What does Justice look like? Part IV - “Gambatte Be Strong”
Date: 6:00pm - 7:30pm PDT April 14 Location: Agnes Flanagan Chapel
Agnes Flanagan Chapel
The immigrant journey of the Japanese in Oregon is paved with stories of perseverance and courage. Gambatte Be Strong is the rallying cry for an original reading of the little known stories of the return of Japanese Americans to Oregon after their incarceration during WW II.
Seventy-five years ago, the signing of Executive Order 9066 led to incarceration of 120,000
people of Japanese ancestry, the majority of whom were American citizens. Looking like the “enemy” led to denial of their human rights and violation of their civil rights by their own country.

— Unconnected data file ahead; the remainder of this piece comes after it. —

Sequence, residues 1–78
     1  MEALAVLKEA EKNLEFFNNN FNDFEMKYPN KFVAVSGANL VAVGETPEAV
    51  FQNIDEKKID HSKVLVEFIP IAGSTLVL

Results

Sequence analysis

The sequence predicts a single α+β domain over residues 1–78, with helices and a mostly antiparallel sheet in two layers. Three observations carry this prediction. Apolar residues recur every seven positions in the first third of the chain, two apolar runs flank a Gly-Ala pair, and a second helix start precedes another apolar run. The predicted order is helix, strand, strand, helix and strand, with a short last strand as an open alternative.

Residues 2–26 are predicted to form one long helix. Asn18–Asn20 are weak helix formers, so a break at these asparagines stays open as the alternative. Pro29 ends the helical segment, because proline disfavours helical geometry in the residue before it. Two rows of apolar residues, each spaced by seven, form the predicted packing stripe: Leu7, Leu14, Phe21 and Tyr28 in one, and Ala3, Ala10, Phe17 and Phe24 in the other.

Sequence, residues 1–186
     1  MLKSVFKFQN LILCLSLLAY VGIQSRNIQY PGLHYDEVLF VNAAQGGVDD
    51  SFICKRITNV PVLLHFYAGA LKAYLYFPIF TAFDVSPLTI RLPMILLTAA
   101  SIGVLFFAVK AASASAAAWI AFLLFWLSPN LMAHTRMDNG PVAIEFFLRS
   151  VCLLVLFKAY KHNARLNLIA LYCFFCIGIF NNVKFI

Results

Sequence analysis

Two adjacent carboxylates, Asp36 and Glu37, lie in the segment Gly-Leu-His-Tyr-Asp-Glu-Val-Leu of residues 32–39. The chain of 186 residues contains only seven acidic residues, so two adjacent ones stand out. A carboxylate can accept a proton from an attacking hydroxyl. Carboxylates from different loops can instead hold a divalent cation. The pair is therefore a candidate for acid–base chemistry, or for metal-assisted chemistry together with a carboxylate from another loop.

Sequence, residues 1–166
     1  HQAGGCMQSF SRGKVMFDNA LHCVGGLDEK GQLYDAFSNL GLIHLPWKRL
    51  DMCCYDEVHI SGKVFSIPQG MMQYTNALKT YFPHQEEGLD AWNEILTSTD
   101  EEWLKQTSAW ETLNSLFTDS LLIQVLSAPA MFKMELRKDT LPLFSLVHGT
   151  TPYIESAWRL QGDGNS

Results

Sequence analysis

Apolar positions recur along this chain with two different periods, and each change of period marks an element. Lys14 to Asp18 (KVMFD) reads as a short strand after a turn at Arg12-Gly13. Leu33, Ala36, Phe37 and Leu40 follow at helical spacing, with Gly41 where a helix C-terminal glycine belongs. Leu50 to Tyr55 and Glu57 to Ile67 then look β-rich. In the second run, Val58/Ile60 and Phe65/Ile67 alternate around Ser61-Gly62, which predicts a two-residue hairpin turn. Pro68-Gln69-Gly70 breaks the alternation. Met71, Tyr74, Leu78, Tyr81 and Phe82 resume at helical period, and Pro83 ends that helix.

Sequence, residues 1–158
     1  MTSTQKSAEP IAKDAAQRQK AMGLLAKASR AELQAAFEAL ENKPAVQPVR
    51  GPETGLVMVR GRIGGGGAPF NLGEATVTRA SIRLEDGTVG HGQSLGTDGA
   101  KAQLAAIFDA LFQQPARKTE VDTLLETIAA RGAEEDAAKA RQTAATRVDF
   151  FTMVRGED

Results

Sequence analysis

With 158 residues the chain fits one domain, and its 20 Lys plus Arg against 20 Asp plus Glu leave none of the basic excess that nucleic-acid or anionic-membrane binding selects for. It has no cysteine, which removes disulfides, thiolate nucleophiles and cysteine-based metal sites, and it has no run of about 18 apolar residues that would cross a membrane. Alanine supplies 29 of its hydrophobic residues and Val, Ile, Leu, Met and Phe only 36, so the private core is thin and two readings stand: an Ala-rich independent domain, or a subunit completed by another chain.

These hard-working community people were suddenly forcibly removed from their homes and livelihoods. First, they were taken to assembly centers in Portland, an area known as the Livestock Pavilion,that became their home for three to five months, then moved secretly to government prison camps in remote desert areas of America. Following the war, with no homes and their Nihonmachi (Japantown) community destroyed, many either left Oregon or relocated to Vanport. In 1947, the Vanport Flood brought death and destruction to its residents. Once again, the Issei of Portland and their American-born children found themselves displaced, living in designated “race” areas of the city but continuing to pursue The American Dream.